Microenvironment The meso-level is settled between the macro- and the micro-level. This field deals with the design of the specific environment of the enterprises. It is of decisive importance that the layout of the physical infrastructure (transport, communication and power distribution systems) and of the sector policies, especially of the education, research and technology policy, are oriented towards competitiveness. In addition the design of the trade policy and systems of rules (for example environmental norms and technical safety standards), which contributes to the development of national advantages of competition, is relevant. Like on the micro-level, on the meso-level new patterns of organisation and steering must be developed. The state shall give impulses and mediate between enterprises, associations, science and intermediate institutions. "The design of locations becomes like that a continuous process on the basis of the efforts of enterprises, science and state as well as of the determined cooperation of private and public agents"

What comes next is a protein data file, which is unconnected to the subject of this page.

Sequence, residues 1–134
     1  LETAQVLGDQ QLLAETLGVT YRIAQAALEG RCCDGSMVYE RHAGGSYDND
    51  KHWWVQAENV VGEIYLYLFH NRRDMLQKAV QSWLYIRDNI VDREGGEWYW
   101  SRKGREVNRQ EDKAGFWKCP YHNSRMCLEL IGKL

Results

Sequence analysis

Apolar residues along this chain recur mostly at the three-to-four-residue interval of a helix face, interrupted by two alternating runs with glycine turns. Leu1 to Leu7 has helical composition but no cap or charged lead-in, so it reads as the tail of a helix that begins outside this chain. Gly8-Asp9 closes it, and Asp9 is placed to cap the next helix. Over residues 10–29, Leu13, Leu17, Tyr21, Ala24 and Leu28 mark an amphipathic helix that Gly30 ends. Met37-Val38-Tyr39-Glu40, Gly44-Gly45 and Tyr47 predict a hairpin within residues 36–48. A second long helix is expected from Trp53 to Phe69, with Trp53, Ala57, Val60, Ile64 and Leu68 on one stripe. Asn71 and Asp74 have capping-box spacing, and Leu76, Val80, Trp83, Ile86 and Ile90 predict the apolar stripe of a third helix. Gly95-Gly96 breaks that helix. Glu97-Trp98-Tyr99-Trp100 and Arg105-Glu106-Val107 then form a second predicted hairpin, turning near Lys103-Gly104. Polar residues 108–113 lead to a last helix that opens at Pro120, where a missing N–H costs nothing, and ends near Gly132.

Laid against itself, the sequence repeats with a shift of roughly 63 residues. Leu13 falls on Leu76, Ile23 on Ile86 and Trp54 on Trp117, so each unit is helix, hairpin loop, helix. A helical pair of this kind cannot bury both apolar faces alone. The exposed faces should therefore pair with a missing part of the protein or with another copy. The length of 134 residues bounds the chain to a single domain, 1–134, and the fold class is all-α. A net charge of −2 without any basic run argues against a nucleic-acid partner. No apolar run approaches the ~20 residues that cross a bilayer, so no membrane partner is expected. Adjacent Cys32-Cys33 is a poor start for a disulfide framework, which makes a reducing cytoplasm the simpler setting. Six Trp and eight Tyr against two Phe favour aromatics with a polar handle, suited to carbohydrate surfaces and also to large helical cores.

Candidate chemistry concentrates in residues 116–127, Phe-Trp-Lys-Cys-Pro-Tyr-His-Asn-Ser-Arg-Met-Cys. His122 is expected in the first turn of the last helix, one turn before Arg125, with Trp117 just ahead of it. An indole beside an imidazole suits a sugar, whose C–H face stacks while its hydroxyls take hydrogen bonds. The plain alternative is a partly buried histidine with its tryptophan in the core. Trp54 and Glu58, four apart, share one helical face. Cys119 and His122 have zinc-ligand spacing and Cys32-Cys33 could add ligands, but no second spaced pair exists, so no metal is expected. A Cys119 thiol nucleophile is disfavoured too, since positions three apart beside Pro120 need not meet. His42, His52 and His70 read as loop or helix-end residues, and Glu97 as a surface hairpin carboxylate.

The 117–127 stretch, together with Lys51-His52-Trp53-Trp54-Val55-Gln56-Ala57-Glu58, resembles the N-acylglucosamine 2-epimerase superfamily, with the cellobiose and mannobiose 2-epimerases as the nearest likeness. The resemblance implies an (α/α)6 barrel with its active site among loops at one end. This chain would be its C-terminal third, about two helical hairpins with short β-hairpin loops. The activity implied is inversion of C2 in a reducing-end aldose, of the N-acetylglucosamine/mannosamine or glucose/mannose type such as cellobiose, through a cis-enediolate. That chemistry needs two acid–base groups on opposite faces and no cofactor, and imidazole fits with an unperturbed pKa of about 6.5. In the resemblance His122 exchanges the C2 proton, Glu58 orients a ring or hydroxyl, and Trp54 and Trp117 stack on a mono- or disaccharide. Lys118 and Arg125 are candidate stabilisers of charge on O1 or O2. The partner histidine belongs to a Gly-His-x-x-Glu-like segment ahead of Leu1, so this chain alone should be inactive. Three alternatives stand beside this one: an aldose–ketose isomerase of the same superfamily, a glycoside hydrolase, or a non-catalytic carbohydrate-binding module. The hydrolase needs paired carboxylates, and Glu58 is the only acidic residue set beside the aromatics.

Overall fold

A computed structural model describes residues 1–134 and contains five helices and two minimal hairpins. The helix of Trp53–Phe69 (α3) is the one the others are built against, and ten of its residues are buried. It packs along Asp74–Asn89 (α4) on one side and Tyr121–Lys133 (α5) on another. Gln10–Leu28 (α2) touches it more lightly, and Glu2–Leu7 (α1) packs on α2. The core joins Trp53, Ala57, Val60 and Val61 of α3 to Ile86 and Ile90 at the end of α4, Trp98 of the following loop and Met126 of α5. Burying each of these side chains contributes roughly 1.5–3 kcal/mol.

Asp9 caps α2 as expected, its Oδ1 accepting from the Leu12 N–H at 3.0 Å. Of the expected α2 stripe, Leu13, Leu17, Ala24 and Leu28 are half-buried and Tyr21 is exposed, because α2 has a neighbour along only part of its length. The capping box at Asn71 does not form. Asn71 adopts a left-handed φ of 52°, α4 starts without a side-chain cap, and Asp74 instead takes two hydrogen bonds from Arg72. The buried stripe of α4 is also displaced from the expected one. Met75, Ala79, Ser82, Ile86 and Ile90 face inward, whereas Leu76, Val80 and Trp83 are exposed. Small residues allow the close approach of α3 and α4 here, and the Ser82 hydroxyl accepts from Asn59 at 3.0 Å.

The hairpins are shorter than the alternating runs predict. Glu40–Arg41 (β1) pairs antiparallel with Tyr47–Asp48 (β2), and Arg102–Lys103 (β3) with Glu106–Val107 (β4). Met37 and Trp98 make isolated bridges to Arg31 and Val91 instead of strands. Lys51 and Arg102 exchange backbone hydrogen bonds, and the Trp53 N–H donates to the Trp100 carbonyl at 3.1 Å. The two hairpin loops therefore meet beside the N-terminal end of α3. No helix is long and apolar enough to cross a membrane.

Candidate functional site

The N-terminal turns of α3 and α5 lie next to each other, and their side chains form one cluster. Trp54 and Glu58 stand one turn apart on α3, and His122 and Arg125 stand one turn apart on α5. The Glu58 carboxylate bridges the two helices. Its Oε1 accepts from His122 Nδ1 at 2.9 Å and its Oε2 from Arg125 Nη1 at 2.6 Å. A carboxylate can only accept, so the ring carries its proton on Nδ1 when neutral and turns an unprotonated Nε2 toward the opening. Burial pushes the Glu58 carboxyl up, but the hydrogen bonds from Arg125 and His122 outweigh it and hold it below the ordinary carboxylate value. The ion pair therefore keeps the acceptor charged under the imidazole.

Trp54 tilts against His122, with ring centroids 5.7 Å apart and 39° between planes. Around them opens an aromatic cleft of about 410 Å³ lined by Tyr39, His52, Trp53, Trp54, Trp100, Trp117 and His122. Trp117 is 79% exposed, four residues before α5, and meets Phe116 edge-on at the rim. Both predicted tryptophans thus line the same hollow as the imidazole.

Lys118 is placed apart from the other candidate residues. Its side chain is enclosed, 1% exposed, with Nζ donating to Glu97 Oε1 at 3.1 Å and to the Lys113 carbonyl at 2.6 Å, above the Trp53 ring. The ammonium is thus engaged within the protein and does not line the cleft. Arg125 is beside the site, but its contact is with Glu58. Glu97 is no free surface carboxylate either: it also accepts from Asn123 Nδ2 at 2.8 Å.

Macroenvironment There are a number of common approaches how the external factors, which are mentioned in the definition of Kroon and which describe the macro environment, can be identified and examined. These factors indirectly affect the organization but cannot be controlled by it. One approach could be the PEST analysis. PEST stands for political, economic, social and technological. Two more factors, the environmental and legal factor, are defined within the PESTEL analysis (or PESTLE analysis). The segmentation of the macro environment according to the six presented factors of the PESTEL analysis is the starting point of the global environmental analysis.
PESTEL Analysis Political factors Taxation Policy Trade regulations Governmental stability Unemployment Policy etc. Economical factors Inflation rate Growth in spending power Rate of people in a pensionable age etc. Technological factors Technological changes New or improved distribution channels Improved communication and knowledge tranfer etc. Environmental factors Laws on Waste disposal Energy consumption Pollution monitoring etc. Legal factors Unemployment law Health and safety Product safety Advertising regulations Product labelling etc.